Last night’s feeble, geriatric, reverse mortgage ‘Concert for 12-12-12′ should galvanize all to overthrow the Boomers’ tyrannical claim to pop culture center stage.
Consider the bloated, self-satisfied pricing of tickets themselves: an actual event in Madison Square Garden selling tickets for $25,000 at the box office, no scalpers. One can only imagine the Boomers’ paroxysms (without their pills, mostly psychic) induced by their Amex Black invoice. Note that the media is focused on scalpers’ Craigslist prices, not the underlying rapacity itself.
Consider the hollow rationalizations to justify such consumerism: only Boomers can afford $25,000 ticket, ergo we must endure a 1960s nostalgia concert bill. This ‘concert’ was a pretext for a celebration by the 1% for the 1%. The rubes have their trickle down role to play – call operators now.
Too cynical? Some major American cities no longer support any broad-based rock radio station. Even abhorrent ‘classic rock’ is a dying niche. The non-Boomers vote with their radio dials and dispatched rock and especially ‘classic rock’ to oblivion.
This explains the cold calculation of forward brand positioning. It’s no accident, as the Sovs used to say, that we see Pearl Jam’s Eddie Vedder paired with a 69 year-old Brit. Or the shoe gazing darling Nirvana’s shards with a wizened McCartney.
Gen-X, stand at attention. You, too, soon will be cogs in the nostalgia-celebration-exploitation machine. You’re just not liquid enough yet.
Springsteen and his now amorphous E-Street Band wobbled out first. Now largely immobile, Bruce tried projecting ‘sincerity’ and ‘presence’ to evoke explosive memories when they truly, but briefly, led rock and U.S. pop culture. Seeing the comparatively limber 50-year old Bon Jovi on stage in juxtapose sent a powerful, but unintended statement.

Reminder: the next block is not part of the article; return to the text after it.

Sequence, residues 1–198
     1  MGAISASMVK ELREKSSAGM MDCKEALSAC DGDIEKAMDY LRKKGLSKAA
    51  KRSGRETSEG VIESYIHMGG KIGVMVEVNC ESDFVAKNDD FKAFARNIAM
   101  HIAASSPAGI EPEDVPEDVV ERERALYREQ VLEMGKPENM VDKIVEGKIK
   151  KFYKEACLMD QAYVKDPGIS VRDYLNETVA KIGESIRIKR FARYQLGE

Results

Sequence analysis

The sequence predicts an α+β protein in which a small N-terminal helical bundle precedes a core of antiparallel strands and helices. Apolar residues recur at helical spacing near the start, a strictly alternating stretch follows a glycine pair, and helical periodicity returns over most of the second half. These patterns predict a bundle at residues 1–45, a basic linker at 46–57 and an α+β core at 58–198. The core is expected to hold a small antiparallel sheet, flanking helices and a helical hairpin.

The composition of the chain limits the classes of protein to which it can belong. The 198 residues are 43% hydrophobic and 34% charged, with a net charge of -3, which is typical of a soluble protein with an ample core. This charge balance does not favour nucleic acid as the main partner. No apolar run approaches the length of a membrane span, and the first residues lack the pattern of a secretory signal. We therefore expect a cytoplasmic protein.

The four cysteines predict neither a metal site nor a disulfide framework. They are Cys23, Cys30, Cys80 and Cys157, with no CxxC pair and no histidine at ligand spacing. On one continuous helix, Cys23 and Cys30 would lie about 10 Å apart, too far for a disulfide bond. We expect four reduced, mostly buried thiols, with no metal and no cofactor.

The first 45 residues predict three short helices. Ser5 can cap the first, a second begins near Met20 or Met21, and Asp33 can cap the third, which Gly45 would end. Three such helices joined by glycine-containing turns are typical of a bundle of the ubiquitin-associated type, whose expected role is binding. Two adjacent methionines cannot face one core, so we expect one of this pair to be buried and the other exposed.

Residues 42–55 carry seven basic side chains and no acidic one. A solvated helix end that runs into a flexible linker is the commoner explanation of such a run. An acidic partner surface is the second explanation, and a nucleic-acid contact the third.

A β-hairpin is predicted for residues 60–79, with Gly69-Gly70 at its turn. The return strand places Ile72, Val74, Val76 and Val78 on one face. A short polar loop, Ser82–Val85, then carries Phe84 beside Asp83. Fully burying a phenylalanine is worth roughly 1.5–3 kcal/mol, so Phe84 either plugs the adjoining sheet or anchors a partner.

If you remember the 1970s, local FM stations pumped Pink Floyd laser shows in planetariums. Roger Waters’ few Pink Floyd stoner classics doubtlessly launched thousands of reminiscences about Boomers’ favorite college bongs. Musically, he and his band are tight. But a Pink Floyd concert never was really about just music. As the kidz today say, meh.
Bon Jovi’s set fades from memory. Mercifully. He’s not there for the $25,000 ticket class. But someone has to play to the $150 nose (noise) bleed seats and on TV. Chris Christie’s real home. You know?
Clapton, looking surprisingly spry, wisely avoided “Let It Rain”. His blues felt turgid yet too energetic to rekindle Slowhand memories of quaaludes, heroin chic and stoned immobility.
Then the Stones. We’ve maintained – back when it happened, not just now – that the Stones ceased to be a *good* rock band when Mick Taylor left. Even Jagger cops now and then to the fact for much of 70s they were blatantly mediocre.
As we all know, Jagger and then the other Stones switched gears with the 1981 “Tattoo You” tour. Jagger decided if they couldn’t play reliably, they’d overwhelm with spectacle. And they got very rich.